Résumés are what people use to get jobs, right? Actually, that isn't exactly true. The purpose of a résumé is to market yourself to potential employers - to get your foot in the door. A résumé is a one or two page summary of your education, skills, accomplishments, and experience. A résumé does its job successfully if it demonstrates how you are an exceptionally well qualified candidate and does not exclude you from consideration.
To prepare a successful résumé, you need to know how to review, summarize, and present your experiences and achievements on one page. Unless you have considerable experience, you don't need two pages. Outline your achievements briefly and concisely. A concise résumé is your ticket to an interview where you can sell yourself and hopefully get the job.
Additional assistance with résumé creation is available in our Online Tutorials!
Before you write, take time to do a self-assessment on paper. Outline your skills and abilities as well as your work experience and extracurricular activities. This will make it easier to prepare a thorough résumé. Include:
Your title, employer, dates of employment, and basic responsibilities for all your past and current jobs, co-ops, and internships.
The degree, major, minor, actual or anticipated graduation date, and institution you attended for any formal educational endeavor.
The certification or program title, training company/organization, and date of any continuing education or training you have received.
All awards or recognition of accomplishments you have received.
Your role or level of participation in any community service, social organization, or athletics.
Any computer or technology competencies you possess.
When and where you developed all special skills or talents (e.g., leadership, teamwork, creativity, initiative, etc.)
The next step is to organize the information from your self-assessment in a visually pleasing, easy to read format. Emphasize information that supports your claim that you are qualified for the position to which you're applying.
Remember that most employers spend between15 and 20 secondsreading a résumé for the first time, so it is vital that important information catches their attention.
Once you have written your résumé, have it reviewed and critiqued by a career advisor. You can also take the following steps to ensure quality:
Use 8 1/2" by 11" white or off-white cotton fiber paper.
Print on one side of the paper.
Use a font size of 10 to 14 points; one that is basic, easy to read and professional (Arial, Times New Roman, etc.)
Useboldvery judiciously (i.e., your name, section titles, very important information). If you highlight too much, it is as bad as not highlighting at all.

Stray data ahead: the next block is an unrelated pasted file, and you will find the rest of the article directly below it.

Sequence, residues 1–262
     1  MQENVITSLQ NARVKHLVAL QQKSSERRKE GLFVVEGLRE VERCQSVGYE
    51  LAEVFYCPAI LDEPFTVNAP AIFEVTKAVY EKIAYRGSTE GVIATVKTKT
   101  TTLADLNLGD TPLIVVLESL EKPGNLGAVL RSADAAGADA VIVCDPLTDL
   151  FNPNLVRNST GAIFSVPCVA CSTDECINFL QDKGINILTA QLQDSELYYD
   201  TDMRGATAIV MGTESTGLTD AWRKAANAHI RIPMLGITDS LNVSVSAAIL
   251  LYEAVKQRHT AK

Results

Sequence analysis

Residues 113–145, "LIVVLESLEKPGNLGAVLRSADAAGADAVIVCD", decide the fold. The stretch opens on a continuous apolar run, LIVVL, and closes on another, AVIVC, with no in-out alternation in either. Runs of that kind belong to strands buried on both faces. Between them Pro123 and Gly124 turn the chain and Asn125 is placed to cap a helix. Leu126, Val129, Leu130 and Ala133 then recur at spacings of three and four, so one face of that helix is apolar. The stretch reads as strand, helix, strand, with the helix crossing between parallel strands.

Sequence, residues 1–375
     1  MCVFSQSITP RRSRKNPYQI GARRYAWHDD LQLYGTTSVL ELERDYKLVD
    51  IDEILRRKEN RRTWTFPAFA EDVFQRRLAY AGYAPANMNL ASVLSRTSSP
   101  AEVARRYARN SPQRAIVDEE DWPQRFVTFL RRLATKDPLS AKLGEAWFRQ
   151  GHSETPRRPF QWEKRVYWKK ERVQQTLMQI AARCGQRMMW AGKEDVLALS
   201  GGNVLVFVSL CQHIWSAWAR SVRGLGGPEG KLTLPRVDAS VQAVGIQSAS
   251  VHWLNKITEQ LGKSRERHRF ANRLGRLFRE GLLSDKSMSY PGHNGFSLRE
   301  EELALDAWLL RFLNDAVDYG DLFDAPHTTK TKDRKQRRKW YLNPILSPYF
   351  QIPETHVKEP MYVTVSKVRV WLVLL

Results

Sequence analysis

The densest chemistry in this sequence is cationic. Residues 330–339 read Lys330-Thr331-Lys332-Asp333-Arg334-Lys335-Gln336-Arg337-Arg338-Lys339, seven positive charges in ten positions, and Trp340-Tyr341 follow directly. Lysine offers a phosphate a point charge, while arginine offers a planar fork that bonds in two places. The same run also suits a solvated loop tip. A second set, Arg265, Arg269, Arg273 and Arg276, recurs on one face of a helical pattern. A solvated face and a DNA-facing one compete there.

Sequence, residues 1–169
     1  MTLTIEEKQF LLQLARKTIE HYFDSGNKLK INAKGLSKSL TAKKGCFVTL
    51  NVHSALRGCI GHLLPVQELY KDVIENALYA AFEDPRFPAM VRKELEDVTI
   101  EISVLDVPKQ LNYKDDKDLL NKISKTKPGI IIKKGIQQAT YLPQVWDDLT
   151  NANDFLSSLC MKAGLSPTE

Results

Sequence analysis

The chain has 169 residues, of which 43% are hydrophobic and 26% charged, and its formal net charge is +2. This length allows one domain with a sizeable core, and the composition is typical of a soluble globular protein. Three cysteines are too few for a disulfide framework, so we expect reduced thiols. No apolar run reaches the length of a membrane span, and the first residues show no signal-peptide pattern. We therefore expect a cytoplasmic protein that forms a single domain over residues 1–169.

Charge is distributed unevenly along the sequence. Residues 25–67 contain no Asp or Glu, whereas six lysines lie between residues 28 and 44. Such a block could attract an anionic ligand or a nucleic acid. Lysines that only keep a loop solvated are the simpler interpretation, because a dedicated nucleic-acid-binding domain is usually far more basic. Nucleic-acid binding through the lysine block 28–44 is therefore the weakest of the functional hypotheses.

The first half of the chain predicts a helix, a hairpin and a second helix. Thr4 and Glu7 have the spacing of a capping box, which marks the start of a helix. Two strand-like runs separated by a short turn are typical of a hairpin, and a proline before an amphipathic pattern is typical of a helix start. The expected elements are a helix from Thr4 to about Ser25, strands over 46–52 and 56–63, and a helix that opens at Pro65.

Use bullets to organize listed items. They look more professional than asterisks.
Avoid italics, script, and underlined words.
Do not use horizontal or vertical lines, graphics, or shading.
Do not fold your resume - if you must mail it, use an envelope large enough to accommodate it unfolded.
Be sure to proofread and spell check your document. Grammatical errors or incorrect word usage are sure to hinder any chance of receiving an interview invitation. A resume is also a documentation of your written communication. Make sure that it is error-free.
After you have eliminated basic spelling and grammatical errors, ask several people to critique your résumé for you. Be sure to ask people knowledgeable in regard to résumé writing and you trust to give you honest opinions. Do not ask them leading questions such as: "Isn't this a good résumé?" Give them a good basis for comments by asking "Could you look for any errors in this?" or "Does this look well organized and is it easy to follow?" If they offer criticism or comments take them in stride and, if appropriate, use them to improve the document.
Once you are pleased with your document, hand it to a friend who has never seen it. Take it from them after 20 seconds. If they didn't notice your strong points, you will want to reformat.
The final step is to determine your distribution method. How you submit your document may alter the format. If you will be submitting it electronically or to a company that scans résumés into a database, please visit the Office of Career Services in Wickes 270 for special instructions on how to effectively write and format it. Check with employers to determine acceptable formatting for their specific résumé system. You will want to include a well written cover letter when you submit your résumé for consideration.
Employers say that job candidates who have excellent communication skills, good grooming habits, and relevant work experience impress them. They want trustworthy new hires who can move right in, get along with their co-workers, and get the job done without having to have their hand held.
Top 7 Qualities Employers Seek in New Hires
Interpersonal skills - gets along well with others, listens
Teamwork verbal communication - including presentations
Acceptance into Graduate School will, many times, require the submission of a Personal Statement or Statement of Purpose. While the University you are applying to may give you general guidelines in terms of content they want to see, it is important that your writing is engaging while also staying concise. The office of Career Services at SVSU has put together a helpful guide for helping you compose an essay for Graduate School that will enhance your choices of getting that highly sought-after acceptance letter.